Simply put, objectivity is when our judgment isn’t influenced by personal feelings or opinions in considering and representing facts.

Yeah, tell me how often you are objective about things, leaving out your feelings and opinions, or considering the facts as you see them.

So, to be objective is not being influenced by personal feelings, interpretations, or prejudice; based on facts; and unbiased.

An objective opinion is an intention of dealing with things without taking into considering our own beliefs, thoughts, opinions, and feelings.

Who does that?

I think we’re going to feel our feelings, experience them, one way or another.

I also think it’s hard to ignore our own judgement and perceptions.

And then there’s feelings. If the topic drives our emotions, it makes us scared, mad, or happy, then it’s hard to get past it, unless we really want to.

Common Causes of Cognitive Bias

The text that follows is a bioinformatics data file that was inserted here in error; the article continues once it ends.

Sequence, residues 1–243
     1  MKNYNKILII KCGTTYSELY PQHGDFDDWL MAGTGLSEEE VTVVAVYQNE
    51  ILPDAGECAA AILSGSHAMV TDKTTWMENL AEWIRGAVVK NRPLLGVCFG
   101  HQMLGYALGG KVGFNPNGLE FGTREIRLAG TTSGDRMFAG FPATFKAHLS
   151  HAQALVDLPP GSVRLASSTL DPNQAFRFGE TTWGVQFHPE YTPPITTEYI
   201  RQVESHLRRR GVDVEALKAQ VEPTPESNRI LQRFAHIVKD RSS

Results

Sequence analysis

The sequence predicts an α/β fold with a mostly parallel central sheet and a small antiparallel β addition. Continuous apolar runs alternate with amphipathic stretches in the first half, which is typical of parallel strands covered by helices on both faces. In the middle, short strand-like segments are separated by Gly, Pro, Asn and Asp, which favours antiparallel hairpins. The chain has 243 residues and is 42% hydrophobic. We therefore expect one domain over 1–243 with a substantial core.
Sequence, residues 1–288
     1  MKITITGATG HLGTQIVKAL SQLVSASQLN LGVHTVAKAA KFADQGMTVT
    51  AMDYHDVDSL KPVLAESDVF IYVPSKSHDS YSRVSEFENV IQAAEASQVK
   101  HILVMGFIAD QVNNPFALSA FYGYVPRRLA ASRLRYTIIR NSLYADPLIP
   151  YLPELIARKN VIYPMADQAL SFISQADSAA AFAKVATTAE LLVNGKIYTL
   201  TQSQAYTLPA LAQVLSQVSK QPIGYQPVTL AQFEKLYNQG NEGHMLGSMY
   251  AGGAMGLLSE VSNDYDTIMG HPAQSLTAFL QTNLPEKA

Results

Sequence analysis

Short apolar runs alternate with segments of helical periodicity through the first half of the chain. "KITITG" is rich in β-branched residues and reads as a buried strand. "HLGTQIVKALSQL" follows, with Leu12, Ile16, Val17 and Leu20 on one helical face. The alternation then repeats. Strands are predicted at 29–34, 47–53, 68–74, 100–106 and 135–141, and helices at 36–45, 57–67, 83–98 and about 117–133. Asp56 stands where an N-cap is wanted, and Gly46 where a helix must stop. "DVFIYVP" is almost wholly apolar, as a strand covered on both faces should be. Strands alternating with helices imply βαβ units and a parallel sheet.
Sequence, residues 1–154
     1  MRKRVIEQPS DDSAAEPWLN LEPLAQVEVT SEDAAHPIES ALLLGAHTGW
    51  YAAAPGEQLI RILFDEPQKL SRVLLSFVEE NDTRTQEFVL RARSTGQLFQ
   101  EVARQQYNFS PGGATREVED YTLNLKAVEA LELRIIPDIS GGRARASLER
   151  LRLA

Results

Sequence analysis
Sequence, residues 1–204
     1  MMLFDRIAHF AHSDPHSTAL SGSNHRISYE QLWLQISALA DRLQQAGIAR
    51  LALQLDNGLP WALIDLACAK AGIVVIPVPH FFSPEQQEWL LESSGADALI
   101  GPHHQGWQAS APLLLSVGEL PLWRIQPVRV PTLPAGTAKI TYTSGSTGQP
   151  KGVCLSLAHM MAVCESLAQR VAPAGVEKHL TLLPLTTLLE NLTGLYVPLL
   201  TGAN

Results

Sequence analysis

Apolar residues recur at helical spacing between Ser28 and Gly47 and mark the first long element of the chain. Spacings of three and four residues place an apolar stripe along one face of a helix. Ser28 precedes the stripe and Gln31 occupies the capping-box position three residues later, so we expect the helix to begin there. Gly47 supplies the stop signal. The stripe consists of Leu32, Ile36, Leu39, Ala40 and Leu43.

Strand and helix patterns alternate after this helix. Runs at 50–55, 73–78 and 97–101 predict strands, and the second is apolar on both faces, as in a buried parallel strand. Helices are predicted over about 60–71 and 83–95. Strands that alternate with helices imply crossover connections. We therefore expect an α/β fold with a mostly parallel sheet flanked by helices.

We sometimes get lazy, and we just don’t want to pay attention anymore, so we just take those mental shortcuts. The easy way it is so, easy.

When it comes to the lockdown, Physicians who are concerned about their hospitals being overwhelmed may prefer it this way, so they’ll find information that supports their own individual motivations.

Other Physicians may earn their living doing surgeries that aren’t labeled a necessity, so their motivation is to get back to work. They may be more biased toward finding information that supports opening for business.

What is wrong with having your own opinion or personal motivations?

Nothing.

It’s useful to pay attention and know we have it.

It’s an example of how we find ways to get what we want.

We decide what we get.

Our cognitive biases influence how we think and act, so it’s useful to be aware of what it is we want, because we’re going to find information that supports what we want.